40 years ago
Ruth Johnson finished her shopping at the supermarket, rolled her goods out to her parked car, put the bags in the car’s trunk, closed the lid and drove off leaving behind her purse with $900 in cash and checks. When she stopped to fill up at the gas station she got that dull, sick, pit-of-the-stomach feeling. Gone was the money, probably forever. Frantically – you better believe frantically – she raced back to the food store. No report of a lost purse. And no lost purse. The sick feeling ratcheted up to nausea as she drove (again frantically) to the police station to report the loss to Lt. Lew Good. As she and the lieutenant were filling out the report, one of the most welcome sights to greet her eyes entered the room – three teenage brothers, Tom, Dan and Jim Cox of 419 Marengo, one of them carrying her handbag with all contents intact.
The outcomes: Ms. Johnson was relieved beyond measure … the reward was immediate and generous … a lesson in virtue was learned early … a forgetful woman was made wiser.
The moral: Young people are not the worst people to hang with.
From the July 16, 1969, Forest Park Review
30 years ago
When did Hollywood come to the Midwest, especially to Chicago, to shoot a major motion picture? In the middle of 1979 when teamwork and contract agreements were struck between moviemakers and the city, particularly in the blockbuster hit, The Blues Brothers, then the most expensively budgeted picture ever filmed here. This comedic romp through some of the best music of our time promised to be logistically complicated with action (and calmer) scenes shot while holding up traffic from Joliet Prison to Lower Wacker Drive. Chase scenes had to be orchestrated on major expressways and thoroughfares including Lake Shore Drive; and a world’s record police car pile-up took place in front of Chicago’s State Street police headquarters. Universal Studios planned 10 of its 14 weeks of shooting in the city, its suburbs and downstate, generating local revenue as it went.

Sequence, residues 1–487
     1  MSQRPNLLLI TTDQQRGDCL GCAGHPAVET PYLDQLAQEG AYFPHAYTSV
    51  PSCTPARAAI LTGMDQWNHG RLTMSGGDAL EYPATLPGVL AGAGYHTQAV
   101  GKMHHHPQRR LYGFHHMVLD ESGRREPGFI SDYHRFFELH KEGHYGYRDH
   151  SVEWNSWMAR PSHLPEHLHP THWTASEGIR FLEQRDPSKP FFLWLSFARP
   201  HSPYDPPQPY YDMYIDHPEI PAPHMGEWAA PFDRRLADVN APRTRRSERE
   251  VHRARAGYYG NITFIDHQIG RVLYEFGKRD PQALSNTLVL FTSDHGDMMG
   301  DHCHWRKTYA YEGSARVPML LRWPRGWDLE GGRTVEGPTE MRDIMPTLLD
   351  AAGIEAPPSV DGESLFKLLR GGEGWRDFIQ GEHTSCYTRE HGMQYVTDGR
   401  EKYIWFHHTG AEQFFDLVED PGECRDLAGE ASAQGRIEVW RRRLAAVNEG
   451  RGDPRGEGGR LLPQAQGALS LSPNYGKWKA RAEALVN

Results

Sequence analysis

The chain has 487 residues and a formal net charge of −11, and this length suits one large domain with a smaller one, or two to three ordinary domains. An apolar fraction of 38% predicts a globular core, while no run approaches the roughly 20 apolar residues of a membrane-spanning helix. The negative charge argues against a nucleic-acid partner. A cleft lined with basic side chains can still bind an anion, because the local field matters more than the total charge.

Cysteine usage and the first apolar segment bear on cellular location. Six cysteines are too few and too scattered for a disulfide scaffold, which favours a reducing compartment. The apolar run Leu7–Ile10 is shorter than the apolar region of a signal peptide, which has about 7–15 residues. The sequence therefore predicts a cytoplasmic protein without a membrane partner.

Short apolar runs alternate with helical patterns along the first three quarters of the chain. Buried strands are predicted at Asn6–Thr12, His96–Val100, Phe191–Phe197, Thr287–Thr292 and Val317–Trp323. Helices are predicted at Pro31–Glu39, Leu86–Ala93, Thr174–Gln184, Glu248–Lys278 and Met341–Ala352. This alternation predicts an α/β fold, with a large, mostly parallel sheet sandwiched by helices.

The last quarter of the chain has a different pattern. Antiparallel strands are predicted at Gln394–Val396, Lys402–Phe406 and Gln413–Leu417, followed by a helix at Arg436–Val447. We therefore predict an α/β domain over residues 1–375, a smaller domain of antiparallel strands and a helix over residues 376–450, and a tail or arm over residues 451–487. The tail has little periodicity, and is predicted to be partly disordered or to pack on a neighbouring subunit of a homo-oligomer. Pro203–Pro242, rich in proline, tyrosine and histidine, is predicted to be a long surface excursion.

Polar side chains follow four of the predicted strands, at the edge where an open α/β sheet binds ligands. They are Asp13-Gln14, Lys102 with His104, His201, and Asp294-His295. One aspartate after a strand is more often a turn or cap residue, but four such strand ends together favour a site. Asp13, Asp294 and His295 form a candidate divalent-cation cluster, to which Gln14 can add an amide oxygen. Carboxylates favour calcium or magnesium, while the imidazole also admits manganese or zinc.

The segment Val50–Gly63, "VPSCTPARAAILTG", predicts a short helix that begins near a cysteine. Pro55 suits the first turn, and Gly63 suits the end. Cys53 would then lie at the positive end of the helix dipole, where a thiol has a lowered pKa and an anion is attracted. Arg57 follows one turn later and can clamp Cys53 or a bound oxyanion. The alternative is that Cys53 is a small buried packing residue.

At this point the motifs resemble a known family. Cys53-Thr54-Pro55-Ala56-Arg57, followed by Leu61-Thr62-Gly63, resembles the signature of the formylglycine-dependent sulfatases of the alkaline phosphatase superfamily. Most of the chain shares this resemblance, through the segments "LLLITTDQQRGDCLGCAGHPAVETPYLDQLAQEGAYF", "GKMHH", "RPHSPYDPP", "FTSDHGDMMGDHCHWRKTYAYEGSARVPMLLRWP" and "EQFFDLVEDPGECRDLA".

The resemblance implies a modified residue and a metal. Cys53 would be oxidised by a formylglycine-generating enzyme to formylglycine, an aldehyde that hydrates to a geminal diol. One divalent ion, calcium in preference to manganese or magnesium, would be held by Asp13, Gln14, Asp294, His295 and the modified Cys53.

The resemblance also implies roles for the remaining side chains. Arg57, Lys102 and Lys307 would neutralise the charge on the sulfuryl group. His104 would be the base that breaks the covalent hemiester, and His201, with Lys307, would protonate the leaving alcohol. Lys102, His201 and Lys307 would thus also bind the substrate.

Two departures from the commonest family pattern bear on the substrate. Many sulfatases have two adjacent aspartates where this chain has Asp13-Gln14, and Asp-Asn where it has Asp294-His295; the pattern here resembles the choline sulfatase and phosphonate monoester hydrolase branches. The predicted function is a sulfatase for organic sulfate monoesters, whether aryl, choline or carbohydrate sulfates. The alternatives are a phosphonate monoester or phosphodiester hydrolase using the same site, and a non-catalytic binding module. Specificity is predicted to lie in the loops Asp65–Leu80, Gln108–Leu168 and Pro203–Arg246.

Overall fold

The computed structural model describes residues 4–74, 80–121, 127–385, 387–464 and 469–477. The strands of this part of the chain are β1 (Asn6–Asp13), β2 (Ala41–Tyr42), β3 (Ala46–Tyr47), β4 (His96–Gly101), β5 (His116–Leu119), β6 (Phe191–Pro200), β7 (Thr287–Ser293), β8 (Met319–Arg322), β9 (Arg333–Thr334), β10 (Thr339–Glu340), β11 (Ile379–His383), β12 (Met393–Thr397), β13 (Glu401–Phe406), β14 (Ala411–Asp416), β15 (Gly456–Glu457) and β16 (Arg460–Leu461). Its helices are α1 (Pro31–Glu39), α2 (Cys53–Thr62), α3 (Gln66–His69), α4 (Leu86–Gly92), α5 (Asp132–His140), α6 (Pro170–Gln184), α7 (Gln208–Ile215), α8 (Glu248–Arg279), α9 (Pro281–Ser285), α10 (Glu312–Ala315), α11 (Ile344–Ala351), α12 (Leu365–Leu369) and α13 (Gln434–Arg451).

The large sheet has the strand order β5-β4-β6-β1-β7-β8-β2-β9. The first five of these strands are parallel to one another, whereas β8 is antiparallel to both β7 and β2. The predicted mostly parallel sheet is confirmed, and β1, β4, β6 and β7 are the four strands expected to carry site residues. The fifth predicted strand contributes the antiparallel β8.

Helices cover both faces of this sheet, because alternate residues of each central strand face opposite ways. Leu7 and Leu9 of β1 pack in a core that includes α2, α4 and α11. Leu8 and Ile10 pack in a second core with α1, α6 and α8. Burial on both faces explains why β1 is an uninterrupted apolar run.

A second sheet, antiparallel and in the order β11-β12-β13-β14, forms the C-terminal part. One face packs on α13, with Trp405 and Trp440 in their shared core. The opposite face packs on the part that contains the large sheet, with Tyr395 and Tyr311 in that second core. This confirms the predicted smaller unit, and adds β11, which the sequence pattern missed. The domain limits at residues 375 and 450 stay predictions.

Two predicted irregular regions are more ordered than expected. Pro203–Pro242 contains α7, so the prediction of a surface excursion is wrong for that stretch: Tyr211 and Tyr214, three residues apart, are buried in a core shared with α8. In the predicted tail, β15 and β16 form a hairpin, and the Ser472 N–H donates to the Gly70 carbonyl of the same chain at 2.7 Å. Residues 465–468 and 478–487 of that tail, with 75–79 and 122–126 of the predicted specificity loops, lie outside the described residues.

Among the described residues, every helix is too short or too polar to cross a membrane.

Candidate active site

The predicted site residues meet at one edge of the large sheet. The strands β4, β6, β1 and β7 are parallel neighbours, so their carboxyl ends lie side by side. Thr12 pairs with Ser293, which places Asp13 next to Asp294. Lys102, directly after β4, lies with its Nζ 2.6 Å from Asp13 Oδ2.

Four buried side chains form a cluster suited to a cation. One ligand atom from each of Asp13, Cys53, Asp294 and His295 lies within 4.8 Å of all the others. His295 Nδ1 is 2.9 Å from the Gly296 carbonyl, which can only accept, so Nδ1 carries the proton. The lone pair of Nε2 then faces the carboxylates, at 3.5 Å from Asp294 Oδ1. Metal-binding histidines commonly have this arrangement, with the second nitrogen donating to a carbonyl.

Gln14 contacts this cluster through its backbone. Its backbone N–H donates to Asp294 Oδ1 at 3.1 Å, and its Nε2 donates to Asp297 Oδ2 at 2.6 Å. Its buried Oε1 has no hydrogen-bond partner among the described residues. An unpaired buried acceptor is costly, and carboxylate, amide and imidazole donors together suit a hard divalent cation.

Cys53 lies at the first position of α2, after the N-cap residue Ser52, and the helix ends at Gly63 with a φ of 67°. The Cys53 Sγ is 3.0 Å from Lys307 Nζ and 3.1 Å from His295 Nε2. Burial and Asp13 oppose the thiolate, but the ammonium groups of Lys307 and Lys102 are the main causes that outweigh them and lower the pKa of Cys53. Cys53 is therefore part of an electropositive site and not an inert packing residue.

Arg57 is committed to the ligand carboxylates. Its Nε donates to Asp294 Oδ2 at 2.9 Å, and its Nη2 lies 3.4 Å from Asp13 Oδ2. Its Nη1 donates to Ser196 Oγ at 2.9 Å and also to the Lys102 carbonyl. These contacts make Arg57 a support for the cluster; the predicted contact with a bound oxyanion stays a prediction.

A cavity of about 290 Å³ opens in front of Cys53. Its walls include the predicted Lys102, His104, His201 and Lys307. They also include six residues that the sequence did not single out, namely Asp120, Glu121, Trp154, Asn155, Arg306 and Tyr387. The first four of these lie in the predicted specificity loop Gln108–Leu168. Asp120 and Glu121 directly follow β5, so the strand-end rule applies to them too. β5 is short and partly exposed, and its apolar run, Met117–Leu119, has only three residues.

From the Aug. 1, 1979, Forest Park Review
20 years ago
There was bad news, and there was bad news. Early in the morning on June 15, 1989, a blaze at 7444 Washington Blvd. took the lives of 9-year-old Kola Clarke and her mother, Cheryl. Smoke inhalation was the cause of death – or the sick mind of an arsonist. Save for the accelerant, little was known of who caused the fire, and why. What was very well known was that this was the fourth suspicious fire-related incident at the address in five weeks.
Ongoing investigations into the repeated arson attempts were intensified under the upgraded charge of murder.
From the June 21, 1989, Forest Park Review
10 years ago
What wasn’t caught on the Big Screen (the Lake Theater) in ’99 is highly catchable now (on DVD).
Analyze This – New York mob figure Robert De Niro’s anxiety attacks cause him to seek psychologist Billy Crystal who, unnerved but fascinated by his patient, can’t resist taking on the case. It’s fun to see tough Bobby get all teary-eyed.
Life is Beautiful – Italian language comedy-drama set in WWII Tuscany. A Jewish-Italian man (Roberto Benigni) uses humor to distract his family from Nazi horrors. Three Oscars: Best Foreign Film, Best Actor, Best Original Dramatic Score.
From the April 29, 1999, Forest Park Review